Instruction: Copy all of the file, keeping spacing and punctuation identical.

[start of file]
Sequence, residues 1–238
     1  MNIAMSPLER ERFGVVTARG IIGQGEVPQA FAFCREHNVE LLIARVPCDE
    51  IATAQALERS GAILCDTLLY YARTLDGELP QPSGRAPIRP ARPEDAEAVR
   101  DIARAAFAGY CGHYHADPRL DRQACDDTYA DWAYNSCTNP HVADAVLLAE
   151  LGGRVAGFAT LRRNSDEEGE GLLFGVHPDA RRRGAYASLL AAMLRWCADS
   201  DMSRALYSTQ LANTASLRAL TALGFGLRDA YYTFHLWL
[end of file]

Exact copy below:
Sequence, residues 1–238
     1  MNIAMSPLER ERFGVVTARG IIGQGEVPQA FAFCREHNVE LLIARVPCDE
    51  IATAQALERS GAILCDTLLY YARTLDGELP QPSGRAPIRP ARPEDAEAVR
   101  DIARAAFAGY CGHYHADPRL DRQACDDTYA DWAYNSCTNP HVADAVLLAE
   151  LGGRVAGFAT LRRNSDEEGE GLLFGVHPDA RRRGAYASLL AAMLRWCADS
   201  DMSRALYSTQ LANTASLRAL TALGFGLRDA YYTFHLWL